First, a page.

In my life I notice that getting out of my head is a big part of feeling healthy and happy. The head is a scary place. It’s amazing the stuff you can spin up there when given a chance. My mind says all sorts of nasty stuff to me when I spend too much time there, so I try not to overstay. I get out of my head and into my body and spirit when I do yoga, or meditate, or play the piano, but I also need exercise to feel healthy. I need vigorous activity to shake myself out of too much introspection and get grounded again in my body. When I feel my muscles working, when I start sweating and feel my heart pounding, I am out of my head and fully in my body. The mind is often reluctant to get started, and the body often first resists the new demands we are placing on it, but after twenty minutes of strong effort in almost anything the body responds, we begin to feel good and our mood elevates. Again, the words of George Sheehan: “The first half hour of my run is for my body. The last half hour, for my soul. In the beginning the road is a miracle of solitude and escape. In the end it is a miracle of discovery and joy.” To this I would add it is also magic.
But the thing about the term ‘healthy’ is it’s hard to measure. Healthy is also a feeling. It’s not just in the body – it’s in the nervous system, in one’s outlook on life, one’s energy and a connection to something outside ourselves.
There are many high performance athletes who have great musculatures and max VO2, but they don’t have good mental health and they don’t have a spiritual connection to something outside themselves. That’s not health. Health is a whole; it’s having all three.
One of the beautiful things about running, cycling, lifting, or dancing is that you can do them in community. You can join a class, or a club, or start your own neighbourhood group. Many ways of moving our bodies can be no- to low-cost, and adaptable to the level or abilities you have, which makes fitness truly accessible to us all.
The importance of the connection between physical and mental health cannot be overstated. The healthiest people in the world live in communities where they connect with the same people socially everyday, where they have coffee together, or a beer after work. This is the way humans are supposed to live. We are pack animals and despite our North American obsession with personal privacy and space, we belong in a tribe. In our culture we have come to believe that privacy is our greatest privilege, but maybe it is also our greatest limitation. Too often, we are isolating ourselves from the greater community around us and the benefit of regular connection to friends and social groups. A running club or cycling group may seem initially to be just people we do a sport with, but if we belong long enough and find the courage to make connections, these people can genuinely be a supportive and caring community. Like Shireen Ahmed found in her soccer team. Some of us are introverts, some of us are extroverts, many of us are a little of both – all of us need community.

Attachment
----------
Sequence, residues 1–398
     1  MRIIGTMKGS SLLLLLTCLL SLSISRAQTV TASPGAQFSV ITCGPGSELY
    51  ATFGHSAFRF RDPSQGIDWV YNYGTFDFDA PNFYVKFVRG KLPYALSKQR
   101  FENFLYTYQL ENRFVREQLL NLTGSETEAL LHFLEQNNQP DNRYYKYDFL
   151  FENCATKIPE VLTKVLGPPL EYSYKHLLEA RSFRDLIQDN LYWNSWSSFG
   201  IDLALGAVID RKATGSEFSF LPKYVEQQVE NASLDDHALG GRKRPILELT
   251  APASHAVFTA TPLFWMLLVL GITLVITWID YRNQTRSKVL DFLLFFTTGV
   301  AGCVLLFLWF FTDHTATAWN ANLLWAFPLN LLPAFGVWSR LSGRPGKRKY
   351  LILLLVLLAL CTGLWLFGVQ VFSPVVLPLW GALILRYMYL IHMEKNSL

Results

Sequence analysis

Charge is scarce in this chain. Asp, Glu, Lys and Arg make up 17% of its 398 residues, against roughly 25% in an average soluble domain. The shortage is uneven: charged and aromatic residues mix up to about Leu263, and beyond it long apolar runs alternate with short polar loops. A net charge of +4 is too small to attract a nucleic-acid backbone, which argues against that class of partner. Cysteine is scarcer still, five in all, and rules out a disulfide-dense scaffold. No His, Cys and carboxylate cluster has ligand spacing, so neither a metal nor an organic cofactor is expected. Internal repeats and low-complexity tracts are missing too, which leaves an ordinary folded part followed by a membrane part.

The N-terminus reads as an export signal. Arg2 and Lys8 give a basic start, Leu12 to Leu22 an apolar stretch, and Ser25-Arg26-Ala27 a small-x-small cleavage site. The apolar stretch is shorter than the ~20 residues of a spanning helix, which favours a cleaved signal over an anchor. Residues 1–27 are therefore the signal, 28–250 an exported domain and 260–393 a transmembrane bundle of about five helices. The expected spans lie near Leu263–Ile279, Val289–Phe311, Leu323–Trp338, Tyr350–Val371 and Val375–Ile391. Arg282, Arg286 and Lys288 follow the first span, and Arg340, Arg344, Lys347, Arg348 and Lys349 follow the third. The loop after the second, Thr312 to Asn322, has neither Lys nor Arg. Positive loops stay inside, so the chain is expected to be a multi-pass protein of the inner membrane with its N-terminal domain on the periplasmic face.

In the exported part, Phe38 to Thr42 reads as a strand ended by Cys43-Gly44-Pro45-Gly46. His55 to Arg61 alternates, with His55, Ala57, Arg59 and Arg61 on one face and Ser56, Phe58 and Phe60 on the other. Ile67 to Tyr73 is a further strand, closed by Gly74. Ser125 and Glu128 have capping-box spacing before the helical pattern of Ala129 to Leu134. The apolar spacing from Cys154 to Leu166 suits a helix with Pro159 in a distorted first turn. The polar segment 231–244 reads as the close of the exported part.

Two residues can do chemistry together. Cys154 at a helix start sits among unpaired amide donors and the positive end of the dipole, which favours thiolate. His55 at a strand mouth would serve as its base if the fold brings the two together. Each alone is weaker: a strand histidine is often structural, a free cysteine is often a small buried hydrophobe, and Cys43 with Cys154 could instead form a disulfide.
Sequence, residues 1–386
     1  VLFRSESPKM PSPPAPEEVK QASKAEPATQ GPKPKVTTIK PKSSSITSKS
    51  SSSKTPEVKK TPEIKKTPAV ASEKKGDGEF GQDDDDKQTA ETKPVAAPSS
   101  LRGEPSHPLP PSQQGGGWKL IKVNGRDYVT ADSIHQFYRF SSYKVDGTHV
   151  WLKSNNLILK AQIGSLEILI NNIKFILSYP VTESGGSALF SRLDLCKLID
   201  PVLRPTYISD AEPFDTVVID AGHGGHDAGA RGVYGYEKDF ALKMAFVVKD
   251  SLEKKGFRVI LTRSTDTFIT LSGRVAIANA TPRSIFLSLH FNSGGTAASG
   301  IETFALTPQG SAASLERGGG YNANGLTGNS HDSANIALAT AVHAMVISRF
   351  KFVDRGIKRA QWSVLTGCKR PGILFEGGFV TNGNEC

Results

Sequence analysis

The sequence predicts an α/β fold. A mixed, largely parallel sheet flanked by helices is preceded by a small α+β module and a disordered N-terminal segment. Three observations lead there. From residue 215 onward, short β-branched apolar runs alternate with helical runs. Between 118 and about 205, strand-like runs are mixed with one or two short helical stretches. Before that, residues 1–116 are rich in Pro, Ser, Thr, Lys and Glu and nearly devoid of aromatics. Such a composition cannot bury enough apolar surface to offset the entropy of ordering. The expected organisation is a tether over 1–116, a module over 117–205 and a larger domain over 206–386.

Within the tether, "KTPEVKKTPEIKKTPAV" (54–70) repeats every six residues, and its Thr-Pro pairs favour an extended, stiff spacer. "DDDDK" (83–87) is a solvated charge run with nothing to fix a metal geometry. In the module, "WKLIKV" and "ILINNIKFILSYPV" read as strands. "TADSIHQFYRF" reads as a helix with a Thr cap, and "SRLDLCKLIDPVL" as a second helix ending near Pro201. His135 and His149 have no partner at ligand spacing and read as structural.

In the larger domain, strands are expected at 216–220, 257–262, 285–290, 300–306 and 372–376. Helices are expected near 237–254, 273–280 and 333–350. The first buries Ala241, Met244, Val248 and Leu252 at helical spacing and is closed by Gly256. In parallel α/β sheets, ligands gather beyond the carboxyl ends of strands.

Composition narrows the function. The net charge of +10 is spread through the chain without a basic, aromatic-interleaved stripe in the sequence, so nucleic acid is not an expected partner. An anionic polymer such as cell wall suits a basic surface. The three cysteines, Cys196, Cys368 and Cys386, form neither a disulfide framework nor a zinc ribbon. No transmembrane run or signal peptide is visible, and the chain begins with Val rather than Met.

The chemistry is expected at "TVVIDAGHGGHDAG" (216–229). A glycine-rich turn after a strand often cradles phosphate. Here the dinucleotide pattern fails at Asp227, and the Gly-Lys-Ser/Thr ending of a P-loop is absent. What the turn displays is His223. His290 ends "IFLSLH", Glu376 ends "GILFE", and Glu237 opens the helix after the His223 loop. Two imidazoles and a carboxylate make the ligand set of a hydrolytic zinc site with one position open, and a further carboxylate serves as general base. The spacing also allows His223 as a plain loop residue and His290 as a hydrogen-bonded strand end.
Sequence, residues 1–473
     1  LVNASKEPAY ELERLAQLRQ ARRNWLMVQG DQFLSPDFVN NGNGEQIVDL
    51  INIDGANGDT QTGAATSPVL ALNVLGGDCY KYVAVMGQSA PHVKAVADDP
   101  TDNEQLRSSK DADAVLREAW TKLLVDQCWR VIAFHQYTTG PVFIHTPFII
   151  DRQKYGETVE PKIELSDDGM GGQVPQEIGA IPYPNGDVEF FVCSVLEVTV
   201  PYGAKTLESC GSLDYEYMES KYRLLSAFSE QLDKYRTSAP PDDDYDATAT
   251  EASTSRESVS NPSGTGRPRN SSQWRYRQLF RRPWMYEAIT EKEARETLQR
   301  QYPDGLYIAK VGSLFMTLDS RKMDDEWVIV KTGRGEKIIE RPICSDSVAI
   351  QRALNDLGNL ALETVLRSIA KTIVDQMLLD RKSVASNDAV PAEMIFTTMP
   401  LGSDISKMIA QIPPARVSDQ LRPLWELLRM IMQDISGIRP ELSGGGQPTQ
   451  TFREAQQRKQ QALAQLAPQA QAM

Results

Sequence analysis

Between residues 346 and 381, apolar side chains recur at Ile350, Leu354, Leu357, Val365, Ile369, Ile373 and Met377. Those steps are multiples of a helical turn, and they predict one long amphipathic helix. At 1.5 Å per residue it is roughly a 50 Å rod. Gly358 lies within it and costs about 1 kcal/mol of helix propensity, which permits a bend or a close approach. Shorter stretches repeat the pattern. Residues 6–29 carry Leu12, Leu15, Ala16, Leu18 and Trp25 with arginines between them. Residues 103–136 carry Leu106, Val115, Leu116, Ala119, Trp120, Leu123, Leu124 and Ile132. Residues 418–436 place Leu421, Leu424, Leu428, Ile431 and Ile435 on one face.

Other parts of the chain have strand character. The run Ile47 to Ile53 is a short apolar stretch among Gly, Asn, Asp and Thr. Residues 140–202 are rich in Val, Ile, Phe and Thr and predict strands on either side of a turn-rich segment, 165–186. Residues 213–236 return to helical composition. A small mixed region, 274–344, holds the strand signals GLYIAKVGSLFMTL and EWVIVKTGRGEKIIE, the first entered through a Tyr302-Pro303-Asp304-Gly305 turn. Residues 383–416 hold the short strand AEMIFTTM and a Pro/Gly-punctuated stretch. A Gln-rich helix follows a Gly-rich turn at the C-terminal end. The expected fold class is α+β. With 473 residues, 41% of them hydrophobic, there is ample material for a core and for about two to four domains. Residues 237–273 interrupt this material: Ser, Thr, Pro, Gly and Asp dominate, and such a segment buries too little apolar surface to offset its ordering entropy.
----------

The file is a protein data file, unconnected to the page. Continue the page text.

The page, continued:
In the months that Unsinkable has been live, I have noticed a pattern in the stories. Many who have shared their story of physical injury or a mental health crisis talk about the roles community and exercise played in their journey to recovery and stability. Signing up for an Ironman saved Lynn Keane from sinking wholly into grief after her son died by suicide. It also helped her fulfill a dream they shared.
Move your body. Start small and build. Find a friend to move with you or a group you can join. Try to move every day, especially when you notice your mind dominating the stage. Journal how you felt before and after in case you forget and your mind tries to tell you it’s not the right time/day/weather or that you don’t deserve to feel better. Because you do.
See you out there,